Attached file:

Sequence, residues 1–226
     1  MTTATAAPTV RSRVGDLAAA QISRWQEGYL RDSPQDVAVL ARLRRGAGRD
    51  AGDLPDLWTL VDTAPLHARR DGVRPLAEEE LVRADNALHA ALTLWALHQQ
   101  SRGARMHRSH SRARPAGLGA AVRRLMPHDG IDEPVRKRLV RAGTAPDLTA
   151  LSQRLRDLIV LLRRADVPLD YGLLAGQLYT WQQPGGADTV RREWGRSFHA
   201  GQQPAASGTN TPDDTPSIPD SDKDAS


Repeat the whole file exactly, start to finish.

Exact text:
Sequence, residues 1–226
     1  MTTATAAPTV RSRVGDLAAA QISRWQEGYL RDSPQDVAVL ARLRRGAGRD
    51  AGDLPDLWTL VDTAPLHARR DGVRPLAEEE LVRADNALHA ALTLWALHQQ
   101  SRGARMHRSH SRARPAGLGA AVRRLMPHDG IDEPVRKRLV RAGTAPDLTA
   151  LSQRLRDLIV LLRRADVPLD YGLLAGQLYT WQQPGGADTV RREWGRSFHA
   201  GQQPAASGTN TPDDTPSIPD SDKDAS